Rhody Ridge Park is an east-facing slope with soil classified as Sandy Loam to Loamy Sand with greater extremes of heat and cold than in many of the milder areas near Puget Sound or Lake Washington. The fundamental stress factor in our particular environment predisposing rhododendron roots to Phytophthora is drought stress rather than the more frequently encountered problems of poor drainage.
During the five years of this test we have experienced a full range of climatic stress from an early November freeze in 1985 to seven degrees F to record setting periods of heat and drought from 1985 to 1988. Though it was not possible to view these temperature extremes in a positive light while laboring to mitigate them, in retrospect, there is considerable value in terms of information gained from the stability of plant recovery so severely tested.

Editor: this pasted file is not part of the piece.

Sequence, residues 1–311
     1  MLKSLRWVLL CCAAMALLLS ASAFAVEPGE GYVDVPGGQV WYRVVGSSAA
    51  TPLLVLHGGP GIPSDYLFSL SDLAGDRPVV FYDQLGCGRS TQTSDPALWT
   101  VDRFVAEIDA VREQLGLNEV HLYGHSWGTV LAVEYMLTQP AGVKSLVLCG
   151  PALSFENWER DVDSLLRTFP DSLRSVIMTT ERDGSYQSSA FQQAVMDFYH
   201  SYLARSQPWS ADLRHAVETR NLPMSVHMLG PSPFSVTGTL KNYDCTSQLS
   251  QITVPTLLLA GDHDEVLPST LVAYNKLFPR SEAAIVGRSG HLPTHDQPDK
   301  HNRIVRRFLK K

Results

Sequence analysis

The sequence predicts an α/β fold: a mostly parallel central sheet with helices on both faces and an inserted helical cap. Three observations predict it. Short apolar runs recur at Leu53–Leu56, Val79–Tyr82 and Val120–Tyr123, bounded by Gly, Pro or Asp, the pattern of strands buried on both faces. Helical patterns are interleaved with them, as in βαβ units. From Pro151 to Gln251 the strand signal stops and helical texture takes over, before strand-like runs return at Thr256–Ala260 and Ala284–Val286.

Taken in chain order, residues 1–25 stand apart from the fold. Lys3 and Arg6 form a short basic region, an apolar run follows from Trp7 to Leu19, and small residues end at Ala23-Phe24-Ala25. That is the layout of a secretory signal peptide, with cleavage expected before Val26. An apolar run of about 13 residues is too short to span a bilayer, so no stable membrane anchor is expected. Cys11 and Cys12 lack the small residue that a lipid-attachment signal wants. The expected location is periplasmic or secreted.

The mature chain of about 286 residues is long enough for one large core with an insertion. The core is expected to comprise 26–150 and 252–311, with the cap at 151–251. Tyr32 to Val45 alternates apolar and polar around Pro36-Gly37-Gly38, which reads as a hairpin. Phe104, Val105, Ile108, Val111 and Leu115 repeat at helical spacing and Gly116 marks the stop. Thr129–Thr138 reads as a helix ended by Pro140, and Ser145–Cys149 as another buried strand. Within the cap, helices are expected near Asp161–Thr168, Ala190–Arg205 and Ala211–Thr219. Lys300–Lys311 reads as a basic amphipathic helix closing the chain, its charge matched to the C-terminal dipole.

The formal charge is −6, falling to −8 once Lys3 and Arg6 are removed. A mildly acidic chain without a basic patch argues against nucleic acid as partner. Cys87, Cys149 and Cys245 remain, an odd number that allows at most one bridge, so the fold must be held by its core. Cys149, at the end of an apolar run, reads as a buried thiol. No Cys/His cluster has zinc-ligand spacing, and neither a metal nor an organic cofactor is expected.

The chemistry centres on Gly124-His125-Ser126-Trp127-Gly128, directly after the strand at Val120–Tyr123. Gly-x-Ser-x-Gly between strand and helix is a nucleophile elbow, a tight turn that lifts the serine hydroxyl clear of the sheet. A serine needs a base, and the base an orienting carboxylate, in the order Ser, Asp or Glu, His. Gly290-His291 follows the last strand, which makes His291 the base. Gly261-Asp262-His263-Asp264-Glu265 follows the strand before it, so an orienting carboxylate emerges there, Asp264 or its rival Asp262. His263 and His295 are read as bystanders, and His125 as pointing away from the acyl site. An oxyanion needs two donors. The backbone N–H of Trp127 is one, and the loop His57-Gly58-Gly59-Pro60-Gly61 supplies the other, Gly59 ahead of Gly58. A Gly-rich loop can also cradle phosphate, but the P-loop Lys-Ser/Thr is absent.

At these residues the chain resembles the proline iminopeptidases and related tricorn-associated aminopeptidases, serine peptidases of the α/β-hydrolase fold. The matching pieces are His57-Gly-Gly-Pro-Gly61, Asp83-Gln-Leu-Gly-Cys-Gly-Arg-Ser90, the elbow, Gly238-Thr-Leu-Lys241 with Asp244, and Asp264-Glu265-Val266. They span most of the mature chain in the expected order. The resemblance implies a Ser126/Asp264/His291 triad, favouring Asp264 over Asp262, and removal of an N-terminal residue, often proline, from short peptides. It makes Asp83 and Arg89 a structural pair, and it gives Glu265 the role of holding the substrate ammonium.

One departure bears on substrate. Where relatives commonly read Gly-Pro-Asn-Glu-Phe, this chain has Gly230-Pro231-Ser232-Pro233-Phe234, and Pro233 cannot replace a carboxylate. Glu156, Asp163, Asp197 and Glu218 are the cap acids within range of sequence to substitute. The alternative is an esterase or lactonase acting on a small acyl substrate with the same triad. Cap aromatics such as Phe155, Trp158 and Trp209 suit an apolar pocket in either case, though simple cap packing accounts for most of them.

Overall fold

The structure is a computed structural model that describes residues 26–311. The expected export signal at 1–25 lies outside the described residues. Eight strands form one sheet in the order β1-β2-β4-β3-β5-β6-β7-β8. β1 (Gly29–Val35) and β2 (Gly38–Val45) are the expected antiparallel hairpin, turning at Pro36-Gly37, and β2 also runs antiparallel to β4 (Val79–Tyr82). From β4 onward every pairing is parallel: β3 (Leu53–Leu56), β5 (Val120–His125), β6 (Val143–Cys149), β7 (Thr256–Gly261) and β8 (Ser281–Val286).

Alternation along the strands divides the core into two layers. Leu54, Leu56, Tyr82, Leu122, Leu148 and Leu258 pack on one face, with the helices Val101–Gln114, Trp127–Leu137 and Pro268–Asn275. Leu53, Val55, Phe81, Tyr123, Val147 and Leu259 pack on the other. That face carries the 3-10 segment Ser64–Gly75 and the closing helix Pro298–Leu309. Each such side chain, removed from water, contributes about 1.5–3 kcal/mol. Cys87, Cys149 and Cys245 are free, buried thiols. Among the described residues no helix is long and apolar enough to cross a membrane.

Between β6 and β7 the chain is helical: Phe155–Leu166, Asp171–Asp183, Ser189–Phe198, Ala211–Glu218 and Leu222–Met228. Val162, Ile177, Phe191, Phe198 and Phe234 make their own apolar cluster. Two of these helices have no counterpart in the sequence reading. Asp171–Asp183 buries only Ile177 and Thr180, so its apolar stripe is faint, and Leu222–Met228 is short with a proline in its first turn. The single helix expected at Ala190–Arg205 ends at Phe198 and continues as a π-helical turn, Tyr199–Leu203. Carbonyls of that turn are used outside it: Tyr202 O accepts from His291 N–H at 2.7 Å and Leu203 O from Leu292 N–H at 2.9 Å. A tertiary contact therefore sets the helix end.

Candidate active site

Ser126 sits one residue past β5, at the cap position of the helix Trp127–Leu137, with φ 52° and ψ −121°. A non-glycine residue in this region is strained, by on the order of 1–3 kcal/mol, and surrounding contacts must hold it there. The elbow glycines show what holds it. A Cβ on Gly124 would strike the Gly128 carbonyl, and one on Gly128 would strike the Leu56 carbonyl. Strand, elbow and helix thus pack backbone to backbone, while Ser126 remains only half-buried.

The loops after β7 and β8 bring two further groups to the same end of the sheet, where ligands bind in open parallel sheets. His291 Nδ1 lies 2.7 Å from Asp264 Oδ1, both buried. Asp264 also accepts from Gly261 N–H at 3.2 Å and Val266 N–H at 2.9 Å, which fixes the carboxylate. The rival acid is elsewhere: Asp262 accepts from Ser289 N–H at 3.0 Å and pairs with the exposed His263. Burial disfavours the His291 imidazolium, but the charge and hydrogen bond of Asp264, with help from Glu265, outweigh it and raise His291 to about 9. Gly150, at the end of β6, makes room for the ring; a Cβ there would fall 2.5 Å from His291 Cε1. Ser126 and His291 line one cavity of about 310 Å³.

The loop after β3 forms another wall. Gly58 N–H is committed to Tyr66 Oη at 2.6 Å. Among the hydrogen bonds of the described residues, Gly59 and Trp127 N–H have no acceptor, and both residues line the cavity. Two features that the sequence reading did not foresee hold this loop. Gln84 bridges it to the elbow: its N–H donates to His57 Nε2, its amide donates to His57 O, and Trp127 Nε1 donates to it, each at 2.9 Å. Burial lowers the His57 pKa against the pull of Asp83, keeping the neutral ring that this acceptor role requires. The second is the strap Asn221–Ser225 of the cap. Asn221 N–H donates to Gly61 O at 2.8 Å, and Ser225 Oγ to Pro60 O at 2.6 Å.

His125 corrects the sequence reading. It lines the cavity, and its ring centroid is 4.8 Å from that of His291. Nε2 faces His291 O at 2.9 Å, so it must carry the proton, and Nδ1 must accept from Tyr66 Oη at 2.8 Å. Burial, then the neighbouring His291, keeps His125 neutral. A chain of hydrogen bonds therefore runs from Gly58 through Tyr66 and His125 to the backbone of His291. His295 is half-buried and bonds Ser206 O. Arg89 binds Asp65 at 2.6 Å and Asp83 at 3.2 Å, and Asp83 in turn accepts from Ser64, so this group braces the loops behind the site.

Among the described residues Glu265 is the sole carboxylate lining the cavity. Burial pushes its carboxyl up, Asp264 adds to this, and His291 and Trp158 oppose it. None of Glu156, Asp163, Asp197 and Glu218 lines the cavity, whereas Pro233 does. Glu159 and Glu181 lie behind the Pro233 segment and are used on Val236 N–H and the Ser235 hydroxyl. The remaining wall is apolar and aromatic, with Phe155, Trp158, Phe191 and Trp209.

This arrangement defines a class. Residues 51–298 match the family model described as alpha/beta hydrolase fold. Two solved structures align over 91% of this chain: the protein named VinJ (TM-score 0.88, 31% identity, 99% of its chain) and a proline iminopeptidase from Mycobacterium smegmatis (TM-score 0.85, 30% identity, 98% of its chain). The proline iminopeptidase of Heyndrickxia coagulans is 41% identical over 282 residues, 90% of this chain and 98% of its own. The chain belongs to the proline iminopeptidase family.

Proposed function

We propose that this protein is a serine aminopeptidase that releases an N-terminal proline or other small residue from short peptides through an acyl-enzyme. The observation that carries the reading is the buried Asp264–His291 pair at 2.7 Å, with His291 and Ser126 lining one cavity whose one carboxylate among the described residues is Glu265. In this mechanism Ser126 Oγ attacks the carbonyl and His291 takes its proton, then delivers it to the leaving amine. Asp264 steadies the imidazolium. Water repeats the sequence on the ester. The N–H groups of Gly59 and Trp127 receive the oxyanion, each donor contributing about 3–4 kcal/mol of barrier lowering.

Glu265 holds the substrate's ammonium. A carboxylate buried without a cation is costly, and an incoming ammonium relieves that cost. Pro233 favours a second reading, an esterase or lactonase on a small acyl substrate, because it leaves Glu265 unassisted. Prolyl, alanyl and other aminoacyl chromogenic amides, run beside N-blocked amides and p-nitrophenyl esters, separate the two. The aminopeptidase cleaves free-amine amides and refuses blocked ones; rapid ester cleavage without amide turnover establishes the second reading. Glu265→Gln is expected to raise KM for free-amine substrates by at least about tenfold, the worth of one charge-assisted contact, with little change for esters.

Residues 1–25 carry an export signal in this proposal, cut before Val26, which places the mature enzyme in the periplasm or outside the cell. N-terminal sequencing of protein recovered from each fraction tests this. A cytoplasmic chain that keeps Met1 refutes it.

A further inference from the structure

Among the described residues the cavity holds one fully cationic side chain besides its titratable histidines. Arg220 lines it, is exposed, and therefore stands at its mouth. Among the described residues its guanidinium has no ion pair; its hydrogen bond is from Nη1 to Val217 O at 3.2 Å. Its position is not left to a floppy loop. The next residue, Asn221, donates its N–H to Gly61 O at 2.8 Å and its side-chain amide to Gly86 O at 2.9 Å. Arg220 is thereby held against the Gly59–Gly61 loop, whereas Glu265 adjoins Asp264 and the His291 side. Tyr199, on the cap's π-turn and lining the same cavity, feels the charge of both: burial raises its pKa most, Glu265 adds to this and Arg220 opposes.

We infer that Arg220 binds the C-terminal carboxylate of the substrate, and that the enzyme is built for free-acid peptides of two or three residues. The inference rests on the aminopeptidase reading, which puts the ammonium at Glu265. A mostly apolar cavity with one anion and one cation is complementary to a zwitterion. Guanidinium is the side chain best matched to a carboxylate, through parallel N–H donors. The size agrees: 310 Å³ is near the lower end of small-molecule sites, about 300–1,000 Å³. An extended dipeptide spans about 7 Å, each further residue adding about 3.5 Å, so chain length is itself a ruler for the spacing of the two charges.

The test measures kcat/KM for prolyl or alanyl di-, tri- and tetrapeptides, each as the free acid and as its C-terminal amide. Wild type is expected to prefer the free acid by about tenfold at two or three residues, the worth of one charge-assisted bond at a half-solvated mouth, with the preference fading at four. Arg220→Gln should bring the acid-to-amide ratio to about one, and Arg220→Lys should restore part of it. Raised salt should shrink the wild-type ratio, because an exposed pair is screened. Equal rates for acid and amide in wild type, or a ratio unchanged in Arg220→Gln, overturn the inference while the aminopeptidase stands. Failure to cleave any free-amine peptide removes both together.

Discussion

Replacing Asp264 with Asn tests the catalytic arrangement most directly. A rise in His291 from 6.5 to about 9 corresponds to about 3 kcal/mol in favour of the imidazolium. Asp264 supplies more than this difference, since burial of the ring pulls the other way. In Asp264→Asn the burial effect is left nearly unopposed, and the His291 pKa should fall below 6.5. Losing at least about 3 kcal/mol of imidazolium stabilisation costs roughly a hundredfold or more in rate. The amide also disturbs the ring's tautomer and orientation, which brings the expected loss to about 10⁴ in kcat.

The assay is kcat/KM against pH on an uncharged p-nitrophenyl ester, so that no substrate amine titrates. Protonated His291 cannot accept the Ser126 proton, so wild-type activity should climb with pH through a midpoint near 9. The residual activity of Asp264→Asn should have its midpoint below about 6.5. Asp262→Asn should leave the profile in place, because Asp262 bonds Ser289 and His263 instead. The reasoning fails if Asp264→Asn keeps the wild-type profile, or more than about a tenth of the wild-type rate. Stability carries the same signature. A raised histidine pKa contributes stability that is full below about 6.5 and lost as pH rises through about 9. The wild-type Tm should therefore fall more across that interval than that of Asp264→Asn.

Difficulties at Rhody Ridge became noticeable in 1981 with a decline in numerous rhododendrons. The deterioration intensified through 1984 when a positive identification of Phytophthora was obtained by Dr. McElroy of Peninsu-Lab. By this time nearly fifty rhododendrons of varying maturities had been lost, many more were in serious decline.
At the beginning of testing in 1984 there were sixty rhododendrons including three controls designated for observation. Forty-two plants were treated with Subdue and fifteen with Aliette. By the fifth year we had fifty-two survivors: thirty-eight on Subdue, twelve on Aliette and two controls.
Rates and timing of fungicide application
Rates of application for Subdue are based on 100 square feet as the most convenient measurement corresponding to a typical drip line zone of numerous relatively mature rhododendrons in the park. Foliar application rates for Aliette are based on the 50-gallon tank size of our current equipment. Rates are as follows:
SUBDUE 2E - 1 oz. per 100 square feet with 25 gal. water in gravity drench.